No wings on the fork, Scatter shield with plate, 1969 Chevelle original BBC 4 spd car
Bummer. Pretty sure you'll need to pull the trans and set the pivot ball height with an adjustable pivotball or use and adjustable throwout bearing to achieve a proper clutch fork angle.
You may have the correct fork. You can measure it when it comes out.
When you install a scatter shield with block plate you need to make up for the difference in thickness of the new assembly. Even if you are using a stock bell housing this should be checked. Variances in flywheel thickness, disc thickness, and finger height often upset the tolerances GM gave us to work with. We have a finite amount of rod travel to work with to get proper clutch disengagement.
This video is a good primer of the process. The beginning info is good to know, setting the pivot ball height begins at 4:22. Basically we take measurements of the bell housing and flywheel and apply that to the known pivotball height for a stock bellhousing, flywheel and pivotball. Then we come up with an adjusted pivotball height to account for the variances we have due to the non stock parts. Before we slam the trans back in, we visually check the clutch fork angle. We want a 5-7 degree forward angle of the fork with throwout bearing installed and held against the fingers of the pressure plate. If you look at yours now, I'll bet it's well back of 90 degrees of the trans shaft.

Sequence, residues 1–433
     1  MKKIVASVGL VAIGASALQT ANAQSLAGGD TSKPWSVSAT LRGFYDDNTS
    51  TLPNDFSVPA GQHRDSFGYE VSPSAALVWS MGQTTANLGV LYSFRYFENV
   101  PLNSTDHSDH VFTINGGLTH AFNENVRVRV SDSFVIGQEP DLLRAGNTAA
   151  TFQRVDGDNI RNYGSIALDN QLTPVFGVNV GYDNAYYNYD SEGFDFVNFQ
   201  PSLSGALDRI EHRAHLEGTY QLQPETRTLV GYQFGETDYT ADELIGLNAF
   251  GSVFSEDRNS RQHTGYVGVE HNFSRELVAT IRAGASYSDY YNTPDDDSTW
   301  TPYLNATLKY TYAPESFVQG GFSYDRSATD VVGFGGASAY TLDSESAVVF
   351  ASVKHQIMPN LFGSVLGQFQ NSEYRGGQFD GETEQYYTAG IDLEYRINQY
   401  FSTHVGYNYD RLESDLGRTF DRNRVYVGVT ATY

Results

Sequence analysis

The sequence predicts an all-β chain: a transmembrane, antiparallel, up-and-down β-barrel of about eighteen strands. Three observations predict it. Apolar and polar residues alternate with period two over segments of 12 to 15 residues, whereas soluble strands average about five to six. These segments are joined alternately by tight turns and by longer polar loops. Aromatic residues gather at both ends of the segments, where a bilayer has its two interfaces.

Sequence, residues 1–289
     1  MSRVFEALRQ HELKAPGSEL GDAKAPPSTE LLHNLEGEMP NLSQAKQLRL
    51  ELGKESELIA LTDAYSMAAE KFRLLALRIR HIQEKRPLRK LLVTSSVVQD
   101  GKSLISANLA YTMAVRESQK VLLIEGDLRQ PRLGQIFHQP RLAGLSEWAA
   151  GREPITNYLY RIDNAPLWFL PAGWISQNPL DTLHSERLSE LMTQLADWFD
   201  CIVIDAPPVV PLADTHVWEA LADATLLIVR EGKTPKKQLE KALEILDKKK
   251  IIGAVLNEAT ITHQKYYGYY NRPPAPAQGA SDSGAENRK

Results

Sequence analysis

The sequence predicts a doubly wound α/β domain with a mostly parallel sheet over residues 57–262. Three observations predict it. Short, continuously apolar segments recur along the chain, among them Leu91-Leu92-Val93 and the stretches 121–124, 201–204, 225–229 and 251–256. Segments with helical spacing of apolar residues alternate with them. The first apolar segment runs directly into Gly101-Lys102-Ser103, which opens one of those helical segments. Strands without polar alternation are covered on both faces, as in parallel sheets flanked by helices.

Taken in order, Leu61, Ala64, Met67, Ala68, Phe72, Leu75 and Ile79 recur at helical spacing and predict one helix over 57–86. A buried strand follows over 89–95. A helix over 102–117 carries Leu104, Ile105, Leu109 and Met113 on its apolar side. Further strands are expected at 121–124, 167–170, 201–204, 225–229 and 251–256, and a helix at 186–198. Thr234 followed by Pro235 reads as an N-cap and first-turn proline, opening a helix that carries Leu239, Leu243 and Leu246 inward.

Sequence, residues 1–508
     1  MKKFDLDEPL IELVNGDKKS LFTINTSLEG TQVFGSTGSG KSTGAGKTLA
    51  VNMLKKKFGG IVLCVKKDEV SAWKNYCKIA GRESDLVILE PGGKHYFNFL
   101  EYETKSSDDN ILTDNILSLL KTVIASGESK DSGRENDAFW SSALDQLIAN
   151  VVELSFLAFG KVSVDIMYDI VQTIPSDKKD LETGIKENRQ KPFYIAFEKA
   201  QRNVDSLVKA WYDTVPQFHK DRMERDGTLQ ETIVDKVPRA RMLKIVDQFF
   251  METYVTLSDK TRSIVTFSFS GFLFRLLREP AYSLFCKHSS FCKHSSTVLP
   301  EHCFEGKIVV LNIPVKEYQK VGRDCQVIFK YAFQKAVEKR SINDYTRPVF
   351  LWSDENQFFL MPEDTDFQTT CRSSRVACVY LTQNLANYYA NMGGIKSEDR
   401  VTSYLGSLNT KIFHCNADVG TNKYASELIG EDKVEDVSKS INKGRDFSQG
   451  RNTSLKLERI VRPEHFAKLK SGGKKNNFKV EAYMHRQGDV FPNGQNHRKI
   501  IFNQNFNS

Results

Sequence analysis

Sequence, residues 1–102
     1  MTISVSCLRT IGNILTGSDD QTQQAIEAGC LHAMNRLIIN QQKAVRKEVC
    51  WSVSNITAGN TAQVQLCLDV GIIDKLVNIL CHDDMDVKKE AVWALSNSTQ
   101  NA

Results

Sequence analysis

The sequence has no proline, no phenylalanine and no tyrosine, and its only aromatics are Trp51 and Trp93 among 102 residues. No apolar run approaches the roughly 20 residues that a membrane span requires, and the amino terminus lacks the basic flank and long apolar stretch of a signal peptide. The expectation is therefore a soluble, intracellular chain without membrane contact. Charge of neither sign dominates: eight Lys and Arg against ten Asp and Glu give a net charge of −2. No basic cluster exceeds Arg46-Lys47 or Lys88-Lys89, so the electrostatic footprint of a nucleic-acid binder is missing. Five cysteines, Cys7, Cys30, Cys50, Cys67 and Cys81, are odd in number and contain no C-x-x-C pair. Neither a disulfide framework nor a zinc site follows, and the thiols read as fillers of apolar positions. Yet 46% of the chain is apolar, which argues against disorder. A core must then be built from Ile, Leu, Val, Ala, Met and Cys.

Some more questions:
Which bell housing are you using?
Which clutch set up?
Is this a Muncie or???
Do you know what pilot bearing you are running? Have you checked to see that it is non magnetic and that you have an installed clearance to the shaft of .002-.003" We might have to install an extended pilot bushing since you are running a block plate. We'll have to do a measurement on the input shaft, then from the face of the bellhousing/transmount surface. We should have 5/8 inch of the shaft in the bushing. (BASICALLY, THE THICKNESS OF THE SHAFT.)
Has the bell housing been indexed or aligned? If not, I suggest you start here for a good shifting long lasting set up. Do parallel first, the concentric alignment. If it's off, your set up won't last long, you may have clutch disengagement issues, or shifting issues.
Have I scarred you off yet? Don't worry, it's not all that difficult and you'll be rewarded by a properly functioning clutch package.
Below is a picture of clutch fork angle. This one appears correct at 5-7 degrees forward. It gets a bit more difficult to check in the car, but it's dooable. You'll note the fork is very close to touching the front of this bellhousing. If you look at yours with the throwout bearing installed and held against the fingers of the P plate, it's probably pointed towards the rear of the car. There's no way you'll get enough throw to properly release your clutch like this. Thanks to Jody or whoever I stole this picture from.
I have a whole stack and I forgot where it came from.